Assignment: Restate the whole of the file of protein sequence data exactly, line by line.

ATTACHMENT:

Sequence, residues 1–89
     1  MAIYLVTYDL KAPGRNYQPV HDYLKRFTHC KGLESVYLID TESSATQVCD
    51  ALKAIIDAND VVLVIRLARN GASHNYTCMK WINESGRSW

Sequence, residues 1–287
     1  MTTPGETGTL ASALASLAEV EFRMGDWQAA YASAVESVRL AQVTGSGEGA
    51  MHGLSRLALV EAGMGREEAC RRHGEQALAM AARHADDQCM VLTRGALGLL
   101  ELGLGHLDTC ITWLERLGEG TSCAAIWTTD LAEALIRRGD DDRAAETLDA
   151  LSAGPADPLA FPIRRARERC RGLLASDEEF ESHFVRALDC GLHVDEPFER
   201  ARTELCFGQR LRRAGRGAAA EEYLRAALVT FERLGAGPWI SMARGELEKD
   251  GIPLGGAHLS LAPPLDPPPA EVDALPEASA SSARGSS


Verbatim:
Sequence, residues 1–89
     1  MAIYLVTYDL KAPGRNYQPV HDYLKRFTHC KGLESVYLID TESSATQVCD
    51  ALKAIIDAND VVLVIRLARN GASHNYTCMK WINESGRSW

Sequence, residues 1–287
     1  MTTPGETGTL ASALASLAEV EFRMGDWQAA YASAVESVRL AQVTGSGEGA
    51  MHGLSRLALV EAGMGREEAC RRHGEQALAM AARHADDQCM VLTRGALGLL
   101  ELGLGHLDTC ITWLERLGEG TSCAAIWTTD LAEALIRRGD DDRAAETLDA
   151  LSAGPADPLA FPIRRARERC RGLLASDEEF ESHFVRALDC GLHVDEPFER
   201  ARTELCFGQR LRRAGRGAAA EEYLRAALVT FERLGAGPWI SMARGELEKD
   251  GIPLGGAHLS LAPPLDPPPA EVDALPEASA SSARGSS